Knight attributes their success to two factors: "We're very good at what we do. And the demand for information has increased. There's such an explosion of information these days. People know they've got to be smarter to survive."
To satisfy the hundreds of people who call "asking how to find this, or where to look for that" they hold Washington Information Seminars several times a year.
The day-long sessions include information tips on Capitol Hill, the Library of Congress, trade association, think tanks and about a dozen federal agencies. The $195 fee includes a name-and-phone-number-packed Washington Information Workbook, a Researcher's Guide to Washington and a Federal Telephone Directory.
"The researcher's rule of thumb is to find an expert on the topic," Kight told the 100-plus participants (including a network news bureau chief, a bank executive and a soup-marketing specialist) at last week's session at the Four Seasons hotel.
"It's often the career Civil Service bureaucrat who'll know the answers. If you aim too low the person won't have enough information or authority to help. If you aim too high, it's likely to be a political appointee who is in and out too quickly to build up a base of information.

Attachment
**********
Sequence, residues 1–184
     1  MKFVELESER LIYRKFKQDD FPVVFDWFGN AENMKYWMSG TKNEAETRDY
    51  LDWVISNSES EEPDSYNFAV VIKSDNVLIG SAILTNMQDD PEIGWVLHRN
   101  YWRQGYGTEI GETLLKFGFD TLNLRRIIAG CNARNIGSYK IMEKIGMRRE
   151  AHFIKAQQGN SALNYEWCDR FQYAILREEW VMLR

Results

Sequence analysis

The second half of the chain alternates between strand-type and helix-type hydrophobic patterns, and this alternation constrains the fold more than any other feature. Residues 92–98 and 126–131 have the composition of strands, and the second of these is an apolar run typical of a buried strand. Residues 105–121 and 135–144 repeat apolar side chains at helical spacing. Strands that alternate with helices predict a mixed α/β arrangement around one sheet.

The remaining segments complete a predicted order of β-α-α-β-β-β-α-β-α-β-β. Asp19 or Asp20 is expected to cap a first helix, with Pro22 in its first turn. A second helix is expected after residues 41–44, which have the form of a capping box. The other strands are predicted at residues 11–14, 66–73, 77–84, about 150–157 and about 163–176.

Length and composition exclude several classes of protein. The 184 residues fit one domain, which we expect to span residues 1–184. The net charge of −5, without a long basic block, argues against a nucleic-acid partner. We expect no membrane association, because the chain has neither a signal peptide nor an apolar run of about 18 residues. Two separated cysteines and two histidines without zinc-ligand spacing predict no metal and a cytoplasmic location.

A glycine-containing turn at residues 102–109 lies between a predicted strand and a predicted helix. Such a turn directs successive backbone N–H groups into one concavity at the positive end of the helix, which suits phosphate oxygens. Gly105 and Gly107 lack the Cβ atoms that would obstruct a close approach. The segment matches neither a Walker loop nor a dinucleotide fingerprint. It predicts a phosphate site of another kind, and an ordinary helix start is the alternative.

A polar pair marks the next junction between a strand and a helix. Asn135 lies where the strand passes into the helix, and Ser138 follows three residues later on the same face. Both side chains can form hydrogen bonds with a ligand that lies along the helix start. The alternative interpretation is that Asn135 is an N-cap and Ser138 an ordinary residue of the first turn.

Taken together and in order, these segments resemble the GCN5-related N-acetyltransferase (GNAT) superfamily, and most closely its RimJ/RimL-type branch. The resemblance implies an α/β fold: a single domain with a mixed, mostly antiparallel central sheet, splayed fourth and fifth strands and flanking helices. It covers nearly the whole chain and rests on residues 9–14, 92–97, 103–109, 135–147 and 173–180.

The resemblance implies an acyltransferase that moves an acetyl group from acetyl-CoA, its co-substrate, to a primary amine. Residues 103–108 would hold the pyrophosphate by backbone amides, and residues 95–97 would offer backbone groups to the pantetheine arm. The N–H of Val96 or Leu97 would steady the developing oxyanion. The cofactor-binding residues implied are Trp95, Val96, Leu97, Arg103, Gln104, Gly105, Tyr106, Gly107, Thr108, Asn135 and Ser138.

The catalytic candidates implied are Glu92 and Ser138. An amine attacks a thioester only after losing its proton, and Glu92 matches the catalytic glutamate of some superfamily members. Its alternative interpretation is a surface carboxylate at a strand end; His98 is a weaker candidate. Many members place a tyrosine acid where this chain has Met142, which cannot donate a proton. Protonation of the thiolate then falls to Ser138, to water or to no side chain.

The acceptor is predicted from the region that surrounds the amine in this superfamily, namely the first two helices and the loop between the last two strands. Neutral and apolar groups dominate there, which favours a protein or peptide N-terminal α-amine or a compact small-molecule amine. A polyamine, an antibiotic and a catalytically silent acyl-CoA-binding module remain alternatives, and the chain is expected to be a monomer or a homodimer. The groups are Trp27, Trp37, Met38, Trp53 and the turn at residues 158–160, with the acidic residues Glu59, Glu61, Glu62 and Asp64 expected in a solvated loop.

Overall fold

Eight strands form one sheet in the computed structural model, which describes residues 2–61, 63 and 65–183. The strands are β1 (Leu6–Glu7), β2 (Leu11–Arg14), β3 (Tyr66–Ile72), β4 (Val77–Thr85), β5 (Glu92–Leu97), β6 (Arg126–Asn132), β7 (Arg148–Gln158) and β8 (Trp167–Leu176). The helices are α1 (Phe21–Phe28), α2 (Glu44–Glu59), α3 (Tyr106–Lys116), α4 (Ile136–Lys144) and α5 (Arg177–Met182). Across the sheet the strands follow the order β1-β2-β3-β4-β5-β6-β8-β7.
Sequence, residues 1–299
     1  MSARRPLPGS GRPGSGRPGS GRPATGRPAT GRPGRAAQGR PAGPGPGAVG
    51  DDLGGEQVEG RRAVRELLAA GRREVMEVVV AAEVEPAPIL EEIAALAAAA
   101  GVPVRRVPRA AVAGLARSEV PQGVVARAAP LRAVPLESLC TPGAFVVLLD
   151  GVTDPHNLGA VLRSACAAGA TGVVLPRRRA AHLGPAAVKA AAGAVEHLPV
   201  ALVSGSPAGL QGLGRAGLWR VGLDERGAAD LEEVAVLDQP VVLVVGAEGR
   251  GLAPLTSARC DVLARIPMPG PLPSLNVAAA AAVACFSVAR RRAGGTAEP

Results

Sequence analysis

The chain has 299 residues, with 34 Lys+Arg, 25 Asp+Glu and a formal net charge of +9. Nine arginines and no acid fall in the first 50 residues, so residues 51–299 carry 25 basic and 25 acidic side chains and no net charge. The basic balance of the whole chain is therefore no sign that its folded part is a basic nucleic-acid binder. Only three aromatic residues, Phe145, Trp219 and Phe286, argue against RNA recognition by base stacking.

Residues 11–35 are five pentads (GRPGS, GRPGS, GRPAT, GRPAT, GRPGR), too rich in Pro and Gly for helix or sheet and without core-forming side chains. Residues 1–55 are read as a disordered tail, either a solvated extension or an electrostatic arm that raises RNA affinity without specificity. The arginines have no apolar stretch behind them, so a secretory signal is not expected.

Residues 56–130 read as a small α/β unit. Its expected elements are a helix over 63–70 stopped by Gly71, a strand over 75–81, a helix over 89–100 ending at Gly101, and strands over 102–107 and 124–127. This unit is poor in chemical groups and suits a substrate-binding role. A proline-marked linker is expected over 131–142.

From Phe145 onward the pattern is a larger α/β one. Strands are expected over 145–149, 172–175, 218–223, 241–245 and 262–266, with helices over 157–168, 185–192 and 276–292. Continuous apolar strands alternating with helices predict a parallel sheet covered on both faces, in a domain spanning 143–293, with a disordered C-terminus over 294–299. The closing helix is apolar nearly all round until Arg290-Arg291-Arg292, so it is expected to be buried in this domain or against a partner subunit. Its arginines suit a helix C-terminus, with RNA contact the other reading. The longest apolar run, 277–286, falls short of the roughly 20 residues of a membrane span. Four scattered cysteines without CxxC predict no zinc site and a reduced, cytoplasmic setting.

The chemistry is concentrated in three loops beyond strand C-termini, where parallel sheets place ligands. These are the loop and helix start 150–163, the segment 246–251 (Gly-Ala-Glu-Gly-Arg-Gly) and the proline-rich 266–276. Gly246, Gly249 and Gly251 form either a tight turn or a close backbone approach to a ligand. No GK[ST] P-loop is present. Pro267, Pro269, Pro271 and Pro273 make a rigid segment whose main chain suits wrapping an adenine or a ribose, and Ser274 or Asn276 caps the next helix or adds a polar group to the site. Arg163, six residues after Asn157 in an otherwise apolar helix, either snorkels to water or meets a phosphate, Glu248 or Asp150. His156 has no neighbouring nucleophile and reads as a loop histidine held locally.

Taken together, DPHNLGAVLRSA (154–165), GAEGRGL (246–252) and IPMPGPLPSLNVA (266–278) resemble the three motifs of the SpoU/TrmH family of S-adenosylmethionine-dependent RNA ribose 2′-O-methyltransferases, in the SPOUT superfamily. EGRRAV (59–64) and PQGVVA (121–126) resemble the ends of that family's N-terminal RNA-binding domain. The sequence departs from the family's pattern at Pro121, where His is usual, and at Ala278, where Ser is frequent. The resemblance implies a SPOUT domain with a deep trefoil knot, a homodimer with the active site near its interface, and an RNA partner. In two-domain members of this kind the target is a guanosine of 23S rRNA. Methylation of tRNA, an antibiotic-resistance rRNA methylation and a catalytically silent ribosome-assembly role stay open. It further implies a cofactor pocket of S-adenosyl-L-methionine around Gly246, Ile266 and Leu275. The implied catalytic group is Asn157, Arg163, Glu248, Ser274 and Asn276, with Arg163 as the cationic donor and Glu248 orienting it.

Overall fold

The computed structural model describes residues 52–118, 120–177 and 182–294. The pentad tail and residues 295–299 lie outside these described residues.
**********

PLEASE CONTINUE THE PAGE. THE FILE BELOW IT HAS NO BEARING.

"At the workhorse level they know the answers. And if you're nice enough they don't mind takig the time to help you. A lot of mid-level bureaucrats get little recognition and may enjoy your interest in their expertise."
But, she cautions, you'll rarely get the right person on your first call. "Expect to make at least three or four calls -- or as many as 10 -- until you hit. When you expect that, it isn't so frustrating."
Once you locate an expert, your questioning technique can make the difference between an angry, fruitless exchange and winding up with a list of contacts and a stack of relevant documents sent to your home.
"Interviewing's an art," says Kight, who offered these "you-can-catch-more-flies-with-honey-then-vinegar" interviewing tips:
Make a positive first impression. "Your greeting and initial comments should be alive and cheery -- but not obnoxious. Give the person the feeling that yours isn't going to be another annoying call, but a bright spot in an ordinarily dull day."